More than 11 years ago, Jesse Ross went missing from a school trip in Chicago, and his parents, Donald and Donna, have never stopped looking for him.
Jesse, 19 at the time, was attending a Model United Nations conference with University of Missouri-Kansas City when he disappeared on the final day, Nov. 21, 2006. By the time police were alerted, most students were already on their way home, and the hotel rooms had been cleaned.
The Chicago Police Department hasn't had a lead on the whereabouts of their son since his disappearance, Donald Ross said.
"He had several things — jobs, school, friends — going on, so he had no reason not to want to come home," he said, glancing at his son's missing person flyer on the table. "We feel he just fell into a bad situation."
The Rosses were among about 70 people gathered Saturday under the Memorial Park pavilion to raise awareness of missing and unidentified people as part of the 11th annual Missing and Unidentified Persons Awareness Day. Donald and co-founder of Missouri Missing, Marianne Asher-Chapman, said not only does the event provide a support system for families but it also educates the public.
"I think the common person, the ordinary person, doesn't comprehend how serious something like this is," Donald said. "Maybe they view families like ours as being unique, but we're like everyone else. We were going along our way, living our lives, enjoying our lives and then boom, it hits you. I think it can happen to anyone, anywhere, any time. So, it's really important people know about what's going on and learn as much as they can about what's happening."
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In 2017, the Missouri Highway Patrol reported 134 active missing persons cases in Missouri. As of June 9, there are 414 active missing person cases for 2018.
Since 1953, the patrol has reported 963 active missing persons cases, 12 of which from Cole County.
The cases show up on the patrol's list only if someone files a missing persons report, Asher-Chapman said, so there are several other missing people they do not know about.
Asher-Chapman's daughter, Angie Yarnell, disappeared in 2003 and never came home. Asher-Chapman still searches for her daughter.
"Every family will say the very worst part is not knowing," she said. "I know my daughter has been killed — I know this — but I can't find her body. I regularly go and take a shovel and dig holes, looking for my daughter. If I could just bring her home, even one single finger nail, if the DNA said it matched mine, then it's her."
The event gives families resources and connections, something Asher-Chapman said was not there when her daughter disappeared. Through the Missouri Missing event, families could speak with representatives from the patrol, Columbia Police Department, and other organizations fighting against human trafficking and child abuse.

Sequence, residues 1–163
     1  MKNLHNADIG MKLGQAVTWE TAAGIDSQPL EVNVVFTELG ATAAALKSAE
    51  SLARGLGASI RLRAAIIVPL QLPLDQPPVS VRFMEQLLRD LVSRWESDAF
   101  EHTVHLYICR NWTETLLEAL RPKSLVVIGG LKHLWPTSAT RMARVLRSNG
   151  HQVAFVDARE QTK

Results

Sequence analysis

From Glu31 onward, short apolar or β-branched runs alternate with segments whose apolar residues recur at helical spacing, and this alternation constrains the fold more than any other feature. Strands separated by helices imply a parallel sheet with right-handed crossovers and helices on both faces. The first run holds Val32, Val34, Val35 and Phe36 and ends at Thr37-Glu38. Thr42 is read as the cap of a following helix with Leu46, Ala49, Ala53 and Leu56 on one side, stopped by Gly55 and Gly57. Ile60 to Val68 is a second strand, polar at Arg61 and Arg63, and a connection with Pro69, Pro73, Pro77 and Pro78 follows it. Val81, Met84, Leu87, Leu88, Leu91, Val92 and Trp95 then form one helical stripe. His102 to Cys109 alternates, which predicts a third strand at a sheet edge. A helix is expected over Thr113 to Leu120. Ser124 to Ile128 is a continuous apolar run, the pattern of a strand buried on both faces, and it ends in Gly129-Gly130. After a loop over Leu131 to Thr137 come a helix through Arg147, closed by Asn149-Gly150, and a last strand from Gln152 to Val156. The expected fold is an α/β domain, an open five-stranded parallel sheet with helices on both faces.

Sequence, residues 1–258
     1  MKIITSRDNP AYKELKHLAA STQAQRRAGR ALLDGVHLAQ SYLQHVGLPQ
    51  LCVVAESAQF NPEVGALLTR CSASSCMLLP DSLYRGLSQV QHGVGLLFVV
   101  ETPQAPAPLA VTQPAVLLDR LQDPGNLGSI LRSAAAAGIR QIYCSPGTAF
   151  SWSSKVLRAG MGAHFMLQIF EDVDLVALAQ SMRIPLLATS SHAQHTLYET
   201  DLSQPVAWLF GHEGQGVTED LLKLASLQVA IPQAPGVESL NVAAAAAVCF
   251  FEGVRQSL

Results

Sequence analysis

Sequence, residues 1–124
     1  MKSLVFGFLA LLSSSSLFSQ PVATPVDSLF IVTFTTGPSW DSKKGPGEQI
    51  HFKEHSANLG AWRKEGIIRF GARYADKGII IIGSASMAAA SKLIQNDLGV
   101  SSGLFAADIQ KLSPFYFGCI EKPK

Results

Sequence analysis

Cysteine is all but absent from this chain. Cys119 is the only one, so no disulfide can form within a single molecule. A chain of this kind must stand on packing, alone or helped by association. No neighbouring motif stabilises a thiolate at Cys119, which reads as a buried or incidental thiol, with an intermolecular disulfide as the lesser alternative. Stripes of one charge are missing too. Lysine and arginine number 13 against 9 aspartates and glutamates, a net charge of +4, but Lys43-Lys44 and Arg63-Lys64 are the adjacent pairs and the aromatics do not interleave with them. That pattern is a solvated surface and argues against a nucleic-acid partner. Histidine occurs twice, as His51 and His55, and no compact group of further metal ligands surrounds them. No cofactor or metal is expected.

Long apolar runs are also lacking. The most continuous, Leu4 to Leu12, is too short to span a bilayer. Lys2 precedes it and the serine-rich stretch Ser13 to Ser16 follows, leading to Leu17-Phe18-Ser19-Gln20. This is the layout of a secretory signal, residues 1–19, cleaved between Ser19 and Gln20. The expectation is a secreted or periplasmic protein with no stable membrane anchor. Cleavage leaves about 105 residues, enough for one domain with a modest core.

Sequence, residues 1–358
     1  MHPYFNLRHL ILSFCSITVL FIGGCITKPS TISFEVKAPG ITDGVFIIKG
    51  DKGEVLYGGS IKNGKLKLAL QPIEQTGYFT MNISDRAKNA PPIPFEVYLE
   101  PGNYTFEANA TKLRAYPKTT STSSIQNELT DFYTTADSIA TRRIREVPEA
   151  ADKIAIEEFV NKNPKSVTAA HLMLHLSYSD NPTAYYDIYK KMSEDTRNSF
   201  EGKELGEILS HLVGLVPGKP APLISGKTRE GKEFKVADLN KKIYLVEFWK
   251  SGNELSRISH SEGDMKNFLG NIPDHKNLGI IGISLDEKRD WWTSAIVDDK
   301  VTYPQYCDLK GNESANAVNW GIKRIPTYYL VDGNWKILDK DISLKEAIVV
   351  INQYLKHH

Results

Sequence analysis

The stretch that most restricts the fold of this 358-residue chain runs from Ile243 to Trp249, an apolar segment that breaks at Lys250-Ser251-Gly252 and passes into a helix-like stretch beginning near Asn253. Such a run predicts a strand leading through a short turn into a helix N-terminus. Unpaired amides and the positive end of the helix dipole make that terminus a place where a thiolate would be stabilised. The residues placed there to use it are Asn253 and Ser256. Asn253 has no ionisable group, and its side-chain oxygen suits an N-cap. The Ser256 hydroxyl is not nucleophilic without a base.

Families should never give up looking, Donald said. They should rely on local and national organizations, media outlets, social media and other outlets to raise awareness of their missing loved ones.
Families should not halt the rest of their lives, either, he said. The Rosses recently moved to the Lake of the Ozarks area, work with support organizations, and visit friends and family.
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"Do not give up your life because your missing loved one would not want to see that," Donald said. "Whomever might be responsible for what happened to your loved one has brought some tragedy into your life — don't let it compound that by turning your life into a tragedy."
Former Gov. Eric Greitens signed a proclamation in May declaring June as Missing and Unidentified Persons Awareness Month. Previously, he dedicated a single day as Missing and Unidentified Persons Awareness Day, so Asher-Chapman said she was "proud and privileged" there is a dedicated month this year.
Speakers on Saturday included John H. Underhill, a private investigator in missing person cases; Sgt. Michael P. Hestir, who oversees the Columbia Police Department Community Outreach Unit; and Nanette Ward, from Central Missouri Stop Human Trafficking Coalition.
Mrs. United States 2017 Lauren Ziegler also spoke about human trafficking and child abuse, urging parents, guardians and teachers to talk with children about the dangers and signs.
"It's because of each and everyone one of you that I wake up fighting for our children, your children," Ziegler told the crowd.